Upper bound on the H2 norm of the transfer function from w to z2, specified as a comma-separated pair consisting of `'H2MAX'` and a positive scalar value or `Inf`. The default value `Inf` is equivalent to setting the limit to zero, and causes `h2hinfsyn` to minimize the H2 norm subject to the trade-off criterion.

Example: `'H2MAX',1`

Upper bound on the H norm of the transfer function from w to z, specified as a comma-separated pair consisting of `'HINFMAX'` and a positive scalar value or `Inf`. The default value `Inf` is equivalent to setting the limit to zero, and causes `h2hinfsyn` to minimize the H norm subject to the trade-off criterion.

Example: `'HINFMAX',1`

Bound on the norm on the feedthrough matrix DK of the controller, specified as a comma-separated pair consisting of `'DKMAX'` and a nonnegative scalar value. To make the controller `K` strictly proper, set `'DKMAX'` to 0.

Example: `'DKMAX',0`

Desired relative accuracy on the optimal value of the trade-off criterion, specified as a comma-separated pair consisting of `'TOL'` and a positive scalar value.

Toggle for screen display of synthesis information, specified as a comma-separated pair consisting of `'DISPLAY'` and either `'on'` or `'off'`.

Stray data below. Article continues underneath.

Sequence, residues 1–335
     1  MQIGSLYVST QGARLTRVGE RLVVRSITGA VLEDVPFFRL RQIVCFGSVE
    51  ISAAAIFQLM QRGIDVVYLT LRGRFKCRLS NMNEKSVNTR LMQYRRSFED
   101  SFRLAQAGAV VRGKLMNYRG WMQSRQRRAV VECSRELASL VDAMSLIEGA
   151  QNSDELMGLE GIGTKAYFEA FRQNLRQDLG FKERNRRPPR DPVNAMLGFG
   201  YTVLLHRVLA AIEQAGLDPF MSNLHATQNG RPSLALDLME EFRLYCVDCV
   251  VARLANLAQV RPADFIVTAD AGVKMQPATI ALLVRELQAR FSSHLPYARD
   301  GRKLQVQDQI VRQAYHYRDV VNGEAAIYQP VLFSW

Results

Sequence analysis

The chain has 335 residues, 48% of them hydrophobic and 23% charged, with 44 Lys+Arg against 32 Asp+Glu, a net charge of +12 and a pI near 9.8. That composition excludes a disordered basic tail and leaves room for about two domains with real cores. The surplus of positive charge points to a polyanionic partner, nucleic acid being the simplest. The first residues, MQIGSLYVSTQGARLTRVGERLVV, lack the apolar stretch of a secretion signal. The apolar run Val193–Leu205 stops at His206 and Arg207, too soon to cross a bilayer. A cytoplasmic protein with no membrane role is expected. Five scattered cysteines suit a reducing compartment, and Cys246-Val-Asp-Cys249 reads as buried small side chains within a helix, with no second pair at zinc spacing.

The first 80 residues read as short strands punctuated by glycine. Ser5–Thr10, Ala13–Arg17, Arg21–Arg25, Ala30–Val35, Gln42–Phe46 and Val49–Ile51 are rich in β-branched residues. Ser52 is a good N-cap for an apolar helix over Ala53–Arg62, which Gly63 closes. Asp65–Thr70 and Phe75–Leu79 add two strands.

## Output Arguments

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Optimal output-feedback controller, returned as a state-space (`ss`) model with `Nmeas` inputs and `Ncon` outputs.

Closed-loop system with synthesized controller, returned as a state-space (`ss`) model. The closed-loop system is ```CL = lft(P,K)```.

Closed-loop norms, returned as a 1-by-2 vector. The entries in this vector, respectively, are:

• The H norm of the closed-loop transfer function from w to z.

• The H2 norm of the closed-loop transfer function from w to z2.

Solutions of LMI solvability conditions, returned as a structure containing the following fields:

• `R` — Solution R of LMI solvability condition

• `S` — Solution S of LMI solvability condition

## Tips

• Do not choose weighting functions with poles very close to s = 0 (z = 1 for discrete-time systems). For instance, although it might seem sensible to choose W = 1/s to enforce zero steady-state error, doing so introduces an unstable pole that cannot be stabilized, causing synthesis to fail. Instead, choose W = 1/(s + δ). The value δ must be small but not very small compared to system dynamics. For instance, for best numeric results, if your target crossover frequency is around 1 rad/s, choose δ = 0.0001 or 0.001. Similarly, in discrete time, choose sample times such that system and weighting dynamics are not more than a decade or two below the Nyquist frequency.

 Chilali, M., and P. Gahinet, “H Design with Pole Placement Constraints: An LMI Approach,” IEEE Trans. Aut. Contr., 41 (1995), pp. 358–367.

 Scherer, C., “Mixed H2/H-infinity Control,” Trends in Control: A European Perspective, Springer-Verlag (1995), pp.173–216.